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The Supreme Court Reviews the ACA’s Individual Mandate Provisions

The Supreme Court is Examining the Individual Mandate Provisions of the ACA.(April 2, 2012):  The fate of universal health care for all Americans currently hangs by a thread — and several Judges on America’s highest Court appear anxious to cut that thread.  As you may know, the Supreme Court of the United States is currently hearing arguments about the constitutionality of the health care reform law enacted two years ago, the Patient Protection and Affordable Care Act (Affordable Care Act). This case, United States Dept. of Health and Human Servcs. v. Florida, specifically challenges aspects of 26 U.S.C. § 5000A, otherwise known as the individual mandate provisions. Essentially, Congress has mandated in health care reform that every U.S. citizen who files a tax return secure a minimum amount of health insurance coverage or pay a penalty collected by the Internal Revenue Service (IRS). Congress has the power to regulate interstate commerce under the Constitution, and even has the power to regulate intrastate commerce after expansive decisions in Wickard v. Fillburn and Gonzales v. Reich. However, many critics think that the health care reform law now regulates inactivity, and argue that such regulation goes too far. Whatever your personal views on the matter, this case is shaping up to be one of the most important in the history of the country, both politically and from the perspective of the health care industry.

I.  The First Day of Debate:

The Supreme Court set aside three days  (March 26, 27 and 28, 2012) to hear argument regarding the various issues in the health care reform case. The first day was entirely devoted to a complex and obscure question, but one that would entirely block the Court from hearing the rest of the case if decided in a certain way. Specifically, the Court heard argument about the Anti-Injunction Act of 1867, which requires that an individual challenging the propriety of a tax pay that tax first. The original idea of this law was to safeguard the government’s revenue stream – if everyone simultaneously filed suit to challenge paying a tax, the Federal government would quickly run out of money. This Act requires that individuals first pay, and then challenge, the tax. In the situation currently before the Court, the determination of whether this is a tax or other penalty, and whether the Anti-Injunction Act applies, is paramount.

II. Health Care Reform — Is it All or Nothing?

It is amazing to think that a case involving the constitutionality of a major healthcare reform currently hinges on a tax law from the 1800’s, but that is how Congress set up the relevant penalty provisions of the Affordable Care Act. But beyond the constitutionality of the individual mandate, the outcome of this case could have a number of important effects. First and foremost, all of the work and funding that has gone into new health care programs as a result of the Affordable Care Act would likely be for naught. This is because the individual mandate provision is most likely not severable from the rest of the law. While a complex concept in practice, severability basically refers to whether one section of a law can be removed from the rest of the law or whether the entire thing must be declared invalid. While laws passed by Congress usually have a severability clause, Congress did not, for whatever reason, put such a clause in the Affordable Care Act. This means that accountable care organizations, health insurance exchanges, mandatory compliance plans, qui tam cases based on the Anti-Kickback Statute, and many other government healthcare programs would be affected. There would be a significant amount of confusion in the healthcare community. While individual providers and small practices may not be greatly impacted, payors, clearinghouses, larger hospitals and group practices, and managed care organizations may need to consider what changes they have made in the last two years, and make sure that such changes are consistent with applicable law, whether that law is the Affordable Care Act or whatever else came before it.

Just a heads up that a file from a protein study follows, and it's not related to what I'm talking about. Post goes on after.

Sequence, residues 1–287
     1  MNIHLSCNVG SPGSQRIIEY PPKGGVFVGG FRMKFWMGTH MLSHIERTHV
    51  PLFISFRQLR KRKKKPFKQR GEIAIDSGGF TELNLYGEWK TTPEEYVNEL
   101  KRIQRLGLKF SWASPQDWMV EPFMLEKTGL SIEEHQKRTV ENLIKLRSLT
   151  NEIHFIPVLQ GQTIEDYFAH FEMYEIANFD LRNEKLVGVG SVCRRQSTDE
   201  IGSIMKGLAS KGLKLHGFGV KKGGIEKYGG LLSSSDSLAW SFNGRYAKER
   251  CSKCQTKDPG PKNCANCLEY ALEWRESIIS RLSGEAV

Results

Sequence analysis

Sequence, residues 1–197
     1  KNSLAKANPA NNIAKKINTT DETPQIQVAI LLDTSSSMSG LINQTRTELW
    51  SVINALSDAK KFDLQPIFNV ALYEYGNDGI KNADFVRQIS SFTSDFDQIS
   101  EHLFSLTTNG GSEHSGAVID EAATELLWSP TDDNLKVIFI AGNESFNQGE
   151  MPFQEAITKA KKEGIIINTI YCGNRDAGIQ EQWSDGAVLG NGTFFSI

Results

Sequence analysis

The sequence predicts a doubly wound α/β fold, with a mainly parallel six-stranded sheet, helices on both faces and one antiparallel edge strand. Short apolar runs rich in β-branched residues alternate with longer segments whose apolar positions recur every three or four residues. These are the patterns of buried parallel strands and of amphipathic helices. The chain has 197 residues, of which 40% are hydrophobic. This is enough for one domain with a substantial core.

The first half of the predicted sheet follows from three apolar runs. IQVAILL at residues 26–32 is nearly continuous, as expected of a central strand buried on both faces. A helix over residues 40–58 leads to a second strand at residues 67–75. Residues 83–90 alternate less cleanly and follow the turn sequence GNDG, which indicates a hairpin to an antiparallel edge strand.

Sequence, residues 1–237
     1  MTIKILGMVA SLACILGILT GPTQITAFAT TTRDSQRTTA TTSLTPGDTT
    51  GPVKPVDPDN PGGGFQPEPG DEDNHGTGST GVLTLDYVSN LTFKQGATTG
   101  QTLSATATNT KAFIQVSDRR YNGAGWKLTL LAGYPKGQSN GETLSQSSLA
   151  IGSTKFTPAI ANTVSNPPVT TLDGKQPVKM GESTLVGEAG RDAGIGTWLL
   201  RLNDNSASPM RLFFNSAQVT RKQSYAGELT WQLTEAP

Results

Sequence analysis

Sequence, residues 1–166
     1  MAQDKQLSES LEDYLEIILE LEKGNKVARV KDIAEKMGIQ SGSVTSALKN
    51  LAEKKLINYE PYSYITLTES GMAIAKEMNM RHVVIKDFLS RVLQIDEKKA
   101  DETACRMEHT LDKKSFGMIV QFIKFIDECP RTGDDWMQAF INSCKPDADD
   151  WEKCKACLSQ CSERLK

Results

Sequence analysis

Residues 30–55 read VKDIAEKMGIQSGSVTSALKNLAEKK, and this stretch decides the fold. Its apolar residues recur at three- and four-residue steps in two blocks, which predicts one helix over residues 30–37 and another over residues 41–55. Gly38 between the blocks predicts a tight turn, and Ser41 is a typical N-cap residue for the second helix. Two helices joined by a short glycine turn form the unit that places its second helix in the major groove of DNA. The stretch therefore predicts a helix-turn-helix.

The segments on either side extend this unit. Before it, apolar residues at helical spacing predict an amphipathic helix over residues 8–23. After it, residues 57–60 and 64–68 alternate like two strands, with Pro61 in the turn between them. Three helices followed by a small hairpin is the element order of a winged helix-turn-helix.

III.  Final Thoughts on the Individual Mandate Issue:

Overall, this case presents an interesting political and legal dynamic, one that is highly charged with political rhetoric, deeply-entrenched opposing views, and above all else — confusion.  If you are like most Americans (myself included), you tend to consider these situations from a personal perspective.  As a father with a child who suffers from a chronic, critical illness (for which there is no cure or treatment), there isn’t a day that goes by that I don’t worry what my son will do when he is no longer eligible for coverage under our health insurance policy.   The passage of the Affordable Care Act is truly a Godsend for my son.  Therefore, despite its many flaws, I hope that our government officials can work through their disagreements and allow this legislation to move forward.

Robert Liles Healthcare AttorneyLiles Parker is a full-service health law firm focusing on regulatory compliance and provider representation. Our attorneys are highly skilled in designing and implementing effective Compliance Plans for physician practices, clinics, home health agencies, DME suppliers and other health care providers.  Moreover, our attorneys are experienced in handling an array of complex health law matters, including Medicare overpayment appeals, PRRB appeals, negotiations with DOJ, OIG and state MFCUs, along with a full range of health care transactional projects. For more information on the Supreme Court case or to discuss your own matter, call us today.  Robert W. Liles, Esq, Managing Partner at the firm, can be reached at: 1 (800) 475-1906.  Please call him today for a free consultation.

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